Assessment of Risk
Persons with a fair skin type (identified primarily by eye and hair color) are at increased risk of skin cancer and should be screened. Other factors that further increase risk include a history of sunburns, previous tanning bed use, freckling, and historical factors, such as usual reaction to sun exposure (e.g., usually burning, infrequently tanning). Persons with an increased number of nevi and atypical nevi are at increased risk of melanoma. Persons with a compromised immune system (e.g., persons living with HIV, persons who have received an organ transplant) are at increased risk of skin cancer.
Behavioral Counseling Interventions
All studies conducted in children and adolescents focused on sun protection behaviors; most were directed at parents, and some provided child-specific materials or messages. Half of the interventions included face-to-face counseling, and all included print materials. Three studies provided the intervention in conjunction with well-child visits. The majority of studies conducted in young adults and adults focused on improving sun protection behaviors, and two studies used “appearance-focused” messages. The mode of delivery varied and included mail-based, face-to-face or phone counseling, and technology-based (text messages, online programs and modules, personal UV facial photographs) interventions.11
Additional Approaches to Prevention
The Community Preventive Services Task Force recommends childcare center−based, primary and middle school−based, and multicomponent communitywide interventions for the prevention of skin cancer.12 These interventions combine school- and community-based communications and policy to increase preventive behaviors (e.g., covering up, using shade, or avoiding the sun during peak UV hours) among certain populations in specific settings.
The U.S. Food and Drug Administration (FDA) provides information to help guide patients and clinicians regarding sun protection and on the use and effectiveness of broad-spectrum sunscreens.13 The FDA has determined that broad-spectrum sunscreens with a sun-protection factor of 15 or greater, reapplied at least every 2 hours, protect against both UV A and B radiation and reduce the risk of skin cancer and early skin aging. The FDA also has consumer education materials on the dangers of indoor tanning.14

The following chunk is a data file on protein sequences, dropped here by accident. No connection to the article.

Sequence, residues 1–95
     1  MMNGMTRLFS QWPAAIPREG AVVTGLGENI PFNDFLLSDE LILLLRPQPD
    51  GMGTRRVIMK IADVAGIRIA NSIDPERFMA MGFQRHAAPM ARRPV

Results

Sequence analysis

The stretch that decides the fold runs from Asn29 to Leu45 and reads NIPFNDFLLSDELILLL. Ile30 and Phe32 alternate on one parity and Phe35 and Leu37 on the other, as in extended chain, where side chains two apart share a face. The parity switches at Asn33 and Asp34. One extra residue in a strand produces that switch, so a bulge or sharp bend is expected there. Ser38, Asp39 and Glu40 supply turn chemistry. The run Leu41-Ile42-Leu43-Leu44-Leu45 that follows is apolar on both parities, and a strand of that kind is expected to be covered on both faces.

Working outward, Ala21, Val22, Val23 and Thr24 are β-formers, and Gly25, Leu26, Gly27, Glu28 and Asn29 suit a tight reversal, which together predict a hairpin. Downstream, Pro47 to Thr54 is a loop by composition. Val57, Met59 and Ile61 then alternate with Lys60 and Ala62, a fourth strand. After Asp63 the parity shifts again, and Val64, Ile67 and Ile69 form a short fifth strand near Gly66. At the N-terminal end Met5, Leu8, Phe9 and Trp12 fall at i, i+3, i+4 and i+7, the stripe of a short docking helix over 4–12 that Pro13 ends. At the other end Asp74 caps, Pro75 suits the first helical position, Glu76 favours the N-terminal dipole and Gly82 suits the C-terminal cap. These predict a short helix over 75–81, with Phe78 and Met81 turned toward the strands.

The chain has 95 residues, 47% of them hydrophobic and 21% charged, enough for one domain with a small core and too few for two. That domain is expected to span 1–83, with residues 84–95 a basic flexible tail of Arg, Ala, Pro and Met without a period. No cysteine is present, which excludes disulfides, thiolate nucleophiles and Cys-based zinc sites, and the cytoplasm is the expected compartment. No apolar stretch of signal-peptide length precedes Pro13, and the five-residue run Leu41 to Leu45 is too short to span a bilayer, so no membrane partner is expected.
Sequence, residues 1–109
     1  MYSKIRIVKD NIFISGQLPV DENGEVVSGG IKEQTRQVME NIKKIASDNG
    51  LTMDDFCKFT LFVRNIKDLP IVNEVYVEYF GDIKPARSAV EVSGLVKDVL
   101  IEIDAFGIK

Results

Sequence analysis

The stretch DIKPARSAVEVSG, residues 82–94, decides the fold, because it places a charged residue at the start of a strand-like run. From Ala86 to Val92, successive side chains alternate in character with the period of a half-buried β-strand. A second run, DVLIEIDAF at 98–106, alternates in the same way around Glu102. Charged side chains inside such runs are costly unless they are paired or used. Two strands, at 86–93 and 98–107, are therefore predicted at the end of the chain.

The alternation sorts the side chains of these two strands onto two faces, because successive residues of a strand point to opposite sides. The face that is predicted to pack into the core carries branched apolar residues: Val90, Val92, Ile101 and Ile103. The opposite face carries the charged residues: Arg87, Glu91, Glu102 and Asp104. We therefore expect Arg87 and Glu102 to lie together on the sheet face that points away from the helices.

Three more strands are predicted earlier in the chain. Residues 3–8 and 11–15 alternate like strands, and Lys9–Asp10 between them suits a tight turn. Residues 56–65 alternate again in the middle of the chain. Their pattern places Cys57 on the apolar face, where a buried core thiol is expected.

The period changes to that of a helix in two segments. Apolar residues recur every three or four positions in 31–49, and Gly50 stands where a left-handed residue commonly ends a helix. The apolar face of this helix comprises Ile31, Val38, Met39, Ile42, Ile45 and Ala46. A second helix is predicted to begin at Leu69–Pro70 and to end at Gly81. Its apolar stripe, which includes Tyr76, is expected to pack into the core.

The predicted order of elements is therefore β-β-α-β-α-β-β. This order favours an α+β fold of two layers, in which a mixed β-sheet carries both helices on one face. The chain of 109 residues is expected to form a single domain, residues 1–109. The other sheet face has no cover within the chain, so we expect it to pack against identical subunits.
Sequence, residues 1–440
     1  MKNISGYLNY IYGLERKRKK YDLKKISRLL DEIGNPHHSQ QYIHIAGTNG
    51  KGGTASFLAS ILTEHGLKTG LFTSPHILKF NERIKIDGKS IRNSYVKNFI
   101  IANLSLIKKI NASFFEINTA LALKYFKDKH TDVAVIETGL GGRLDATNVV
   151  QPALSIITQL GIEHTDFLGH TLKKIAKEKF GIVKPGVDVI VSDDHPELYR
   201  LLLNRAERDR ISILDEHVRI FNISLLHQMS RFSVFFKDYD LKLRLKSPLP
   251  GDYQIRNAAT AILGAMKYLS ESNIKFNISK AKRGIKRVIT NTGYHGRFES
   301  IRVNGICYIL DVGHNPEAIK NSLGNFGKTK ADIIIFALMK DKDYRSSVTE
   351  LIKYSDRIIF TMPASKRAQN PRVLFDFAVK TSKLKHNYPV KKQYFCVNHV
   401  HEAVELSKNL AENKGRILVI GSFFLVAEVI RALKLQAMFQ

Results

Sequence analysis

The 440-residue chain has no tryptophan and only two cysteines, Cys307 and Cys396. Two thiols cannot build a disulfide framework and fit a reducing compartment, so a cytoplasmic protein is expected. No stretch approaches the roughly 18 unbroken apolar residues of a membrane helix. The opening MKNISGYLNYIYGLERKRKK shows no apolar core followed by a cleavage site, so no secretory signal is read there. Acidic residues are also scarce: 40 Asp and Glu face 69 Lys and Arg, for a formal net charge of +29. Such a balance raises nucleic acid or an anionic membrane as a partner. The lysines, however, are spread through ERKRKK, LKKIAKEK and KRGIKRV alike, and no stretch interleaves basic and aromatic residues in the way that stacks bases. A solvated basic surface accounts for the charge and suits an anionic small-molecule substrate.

The USPSTF has issued a recommendation on screening for skin cancer in adults.15
Interventions included tailored mailings, print materials, and in-person counseling by health professionals. Interventions for children were directed mostly toward parents; some materials were child-specific. Counseling interventions for children, their parents, or both provided messages focused on increasing sun protection behaviors (e.g., using sunscreen, avoiding midday sun, wearing sun-protective clothing). Some print-based interventions included materials tailored to the child’s level of risk, barriers to change, self-efficacy, or other factors. Some interventions provided sun protection aids (e.g., shirt, hat, sunscreen, sunglasses) in addition to counseling. Health professionals providing in-person counseling included primary care providers and health educators. Half of the studies in children had interventions longer in duration, from 18 to 36 months of counseling or tailored materials. The other half of studies in children had shorter interventions, ranging from a one-time counseling session to a 5-month period of standard mailings.
For adults, technology-based interventions included an interactive web program and tailored text messages on sun protection, as well as appearance-focused print materials. The web program study reported reduced sunburns after the intervention, which provided information on topics such as indoor tanning, UV radiation exposure and health, skin cancer, sunscreen, and skin examination. Each module took about 10 minutes to complete and included a goal-setting section. Other interventions that increased sun protection behaviors in adults included mailed print materials containing personalized risk feedback and recommendations, self-monitoring aids for UV exposure, and skin cancer prevention and detection information; individualized computer reports; and an interactive educational computer program on skin cancer prevention that provided individual feedback on personal skin cancer risk.
Research Needs and Gaps
A better understanding of the effectiveness of counseling on the use of sun protection behaviors in adults, including young adults, is needed to address the key evidence gap on counseling for this age group. Research that evaluates the association between UV exposure during adulthood and skin cancer risk would also be valuable. In addition, studies regarding the effectiveness of counseling persons without a fair skin type are lacking.